10. For e.g.:Aziz loves cultural & social aspects of the Islamic heritageLess concerned with its theology & religious practiceAware that Moslems minority feels a special kinship withother MoslemsAnglo- Indians nominal reps of ChristianityRonny admits for him Christianity is fine in its place -- But-notlet it interfere with civil dutyMrs Moore Christian in her outlook experience a crisis offaith in the caves
11. Hinduism: main religion of IndiaGodbole- central Hindu figureMost religious characterHinduism (to him) : completeness, notreconstruction.central principal: total acceptance of things as they areForster suggests- most positive spiritual approach tolifeMost representative of the true spirit of India
12. Symbols: The Marabar Caves The Green Bird The WaspMotifs: The Echo Eastern and Western Architecture Godboles Song
13. The Caves .......E. M. Forster modeled the fictional caves in APassage to India on actual caves about twelvemiles from the city of Gaya in the state of Bihar.However, the real caves are known as the BarabarCaves, not the Marabar Caves (Forster's fictionalname for them).
14. A Buddhist ruler of the second century BC, tolerant ofother religions, ordered workers to hew the caves fromrock faces as holy places for monks of the Ajivika religion.There are four Barabar caves.Their smooth interior walls sustain prolonged echoes.
15. The Cave EchoWhat It Means to Mrs. Moore and How It Affects AdelaIn the first of the Marabar Caves, all soundssneezes,whistles, shoutsreturn the same echo: boum, or avariation of it such as ou-boum.This echo appears to mock the Hindu concept thatthe entire universeand everything in itconsists ofa single essence, Brahman (not to be confused withBrahmin or Brahma).
16. Even the human soul, called atma by Hindus, is partof this essence.Thus, a whistle is a sneeze and a sneeze is a soul,since all are Brahmanthat is, all are the sameessence.
17. The echo unnerves Mrs. Moore because she vaguelyunderstands that it represents a force that reduceseverything to samenessa monotonous, empty sameness.Even biblical words that she had lived by become part of theBrahman and thus lose their meaning, as reported by thenarrator in the last paragraph of Chapter 14.Mrs. Moore is attempting to write a letter to her children,Stella and Ralph, when ruminating over her experience inthe cave.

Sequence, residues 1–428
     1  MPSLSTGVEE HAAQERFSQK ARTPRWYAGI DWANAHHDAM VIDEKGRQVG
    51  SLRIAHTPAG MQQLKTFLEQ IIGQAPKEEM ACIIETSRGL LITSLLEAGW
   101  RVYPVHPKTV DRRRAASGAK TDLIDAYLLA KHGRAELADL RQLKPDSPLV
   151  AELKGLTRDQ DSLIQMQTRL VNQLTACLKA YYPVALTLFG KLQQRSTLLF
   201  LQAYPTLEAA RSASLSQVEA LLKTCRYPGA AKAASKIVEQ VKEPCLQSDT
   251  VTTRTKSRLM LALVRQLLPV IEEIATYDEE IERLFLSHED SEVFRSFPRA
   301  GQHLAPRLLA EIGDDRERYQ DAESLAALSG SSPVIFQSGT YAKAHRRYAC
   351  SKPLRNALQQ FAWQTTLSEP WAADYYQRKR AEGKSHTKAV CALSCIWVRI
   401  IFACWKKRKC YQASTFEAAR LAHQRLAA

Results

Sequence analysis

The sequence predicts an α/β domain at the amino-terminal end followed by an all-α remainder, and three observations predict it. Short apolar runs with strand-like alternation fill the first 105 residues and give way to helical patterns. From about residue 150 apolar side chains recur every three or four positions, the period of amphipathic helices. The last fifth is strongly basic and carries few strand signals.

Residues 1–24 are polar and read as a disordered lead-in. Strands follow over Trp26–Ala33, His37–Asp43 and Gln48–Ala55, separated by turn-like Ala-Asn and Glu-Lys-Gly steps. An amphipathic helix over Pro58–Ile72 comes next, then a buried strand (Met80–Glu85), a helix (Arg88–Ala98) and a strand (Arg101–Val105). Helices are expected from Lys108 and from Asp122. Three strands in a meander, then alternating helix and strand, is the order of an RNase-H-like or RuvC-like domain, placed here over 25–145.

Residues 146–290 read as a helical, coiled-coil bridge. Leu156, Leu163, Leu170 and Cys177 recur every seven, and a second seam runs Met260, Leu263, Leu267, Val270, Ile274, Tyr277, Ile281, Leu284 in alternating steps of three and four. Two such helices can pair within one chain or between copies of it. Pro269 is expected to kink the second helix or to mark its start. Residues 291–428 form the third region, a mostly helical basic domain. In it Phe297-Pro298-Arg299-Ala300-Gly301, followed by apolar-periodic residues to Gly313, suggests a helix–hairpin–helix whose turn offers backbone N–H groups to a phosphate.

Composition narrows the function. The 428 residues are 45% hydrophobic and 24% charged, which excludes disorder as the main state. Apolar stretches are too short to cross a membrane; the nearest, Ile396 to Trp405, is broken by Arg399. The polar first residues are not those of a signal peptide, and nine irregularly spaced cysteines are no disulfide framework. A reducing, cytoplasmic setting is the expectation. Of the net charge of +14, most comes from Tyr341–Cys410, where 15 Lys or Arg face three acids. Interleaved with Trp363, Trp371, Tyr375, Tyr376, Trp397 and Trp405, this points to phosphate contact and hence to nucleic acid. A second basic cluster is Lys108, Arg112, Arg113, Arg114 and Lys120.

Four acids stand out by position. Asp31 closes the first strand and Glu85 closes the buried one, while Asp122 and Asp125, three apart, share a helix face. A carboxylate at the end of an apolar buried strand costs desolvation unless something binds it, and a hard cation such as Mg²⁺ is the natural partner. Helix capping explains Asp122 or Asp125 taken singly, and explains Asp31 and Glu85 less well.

18. [S]uddenly, at the edge of her mind, Religion appeared,poor little talkative Christianity, and she knew that all itsdivine words from Let there be Light to It is finished onlyamounted to boum.Then she was terrified over an area larger than usual; theuniverse, never comprehensible to her intellect, offered norepose to her soul . . .........Thereafter, her experience in the cave haunts her, andshe becomes irritable and depressed.
19. Like the biblical words, her life and everything shebelieves in lose their meaning.India had fascinated her when she arrived in thecountry; now it repels her.Its intriguing mystery has turned into the muddlespoken of by other Britons.
20. No, she does not curse the country andits people as Major Callendar and Mrs.Turton do.Nor does she side with Adela against Azizin the days leading up to the trial. But she can no longer tolerate India; it istoo much for her.